Lately I’ve been thinking a lot about giving. Much of it is child related — trying to foster in our daughter what we call her “generous spirit” — but what we dole out as lessons often seems to float back to me on an adult level as well (the way passages in Arnold Lobel’s Frog and Toad books do, but that’s a subject for a future post).
Our daughter loves to give. She doesn’t always love to share — but full-on giving brings her enormous pleasure. And usually it’s all her idea. She might give a drawing, or a plastic drumstick, or a plate of cookies, or a stuffed animal from her vast collection. And the anticipation of handing the thing over is almost more than she can stand. She skips along ahead of me, clutching the gift and beaming.
I was telling a friend about this (a wonderful writer who will remain unnamed here, so I don’t give any secrets away), and he confessed to me that sometimes he feels compelled to give certain people something that has enormous value for him. It may have little value for the recipient — and he never tells them, “Do you know how much this means to me?” He just wants them — or maybe needs them — to have it.
This sense of spontaneity impresses me. We give, and then a rush comes from giving — which is different from giving in order to get the rush. I remember once telling my daughter that generosity would make her feel fantastic inside — and then immediately thinking that was off, somehow, and twisted, the way it seems twisted to believe in god so that you get into heaven. There are so many things in life that we measure based on what we will get out of them.
The other day I was entering the subway, and an old woman just inside the turnstile offered me a green scarf, with the hope of receiving some change in return. She had a dirty zip-lock bag in the other hand, full of perfume samples, and I noticed as I hurried by that she was wearing what looked like an old pilot’s uniform — a dark jacket with gold bits at the lapels. I mumbled my apology and went past, but when I got down to the platform I had this awful feeling. I stood there for a few minutes, and watched more people rushing down the stairs — none of them had the scarf in their hands. And though I heard the train approaching, I found myself climbing the stairs again, and digging in my purse for some change.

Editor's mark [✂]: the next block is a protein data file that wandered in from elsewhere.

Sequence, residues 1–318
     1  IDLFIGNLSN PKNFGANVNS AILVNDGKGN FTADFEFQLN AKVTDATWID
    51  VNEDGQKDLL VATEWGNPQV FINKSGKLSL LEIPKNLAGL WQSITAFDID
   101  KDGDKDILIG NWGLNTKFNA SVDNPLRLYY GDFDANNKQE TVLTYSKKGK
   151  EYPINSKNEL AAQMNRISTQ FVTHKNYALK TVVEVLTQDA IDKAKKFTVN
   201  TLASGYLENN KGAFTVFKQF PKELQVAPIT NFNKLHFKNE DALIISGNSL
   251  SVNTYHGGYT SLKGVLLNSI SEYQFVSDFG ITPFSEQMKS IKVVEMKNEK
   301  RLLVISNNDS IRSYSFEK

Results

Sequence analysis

I had only $1.35, so I said to the woman as I handed it over, “Don’t worry, keep the scarf, I just want you to have this.” She was obviously grateful for the change, but she pushed the scarf toward me. “Hand-made, hand-made,” she kept repeating, patting it and putting it in my hands. I tried insisting, but it quickly became awkward, and I realized how important it was for her to give it to me — to have something to offer. (And the thing is, I am a scarf person, and a person who loves green.)
So off I went, on a hot, humid day, with “my” scarf. Another train came, and I got on, and instead of using the precious time alone the way I usually would (to read or make notes), I immediately started chewing over what I would do with the scarf — I could leave it on the train for someone else to find, and they might need a scarf, or maybe have a desire to sell it, and in that way the spirit of generosity would flourish. Or would it? What if the pilot lady came upon it again, lying there abandoned. Or what if someone saw me leave it there as I disembarked, and shouted after me, “Wait, you forgot your scarf!” And beyond all that — was it right to leave behind this thing that someone had so needed me to receive?
But what if she’d stolen the scarf, and the person she’d taken it from saw me with it? Where did she get her pilot’s jacket, and all those perfume samples, and so on — all of which I realized were a story-lover’s mind taking over the event, and shaping it into something bigger. I tried to stop thinking about what had really been a tiny, forgettable moment, and pulled out my notebook and started jotting things down. But the scarf was there beneath it, defining the space.
Yes, I took it home, and I suppose I will keep it. It’s green, after all.
There is so much emphasis on giving, but what about receiving? The taker, as well as the giver, has a role to play. How often do we find ourselves declining gracious gestures, simple compliments, thoughtful gifts, rides home, help when we’re struggling — why does it feel so awkward to accept and say thank you? I suppose there is generosity in receiving too — and a level of empathy in being able to do either well.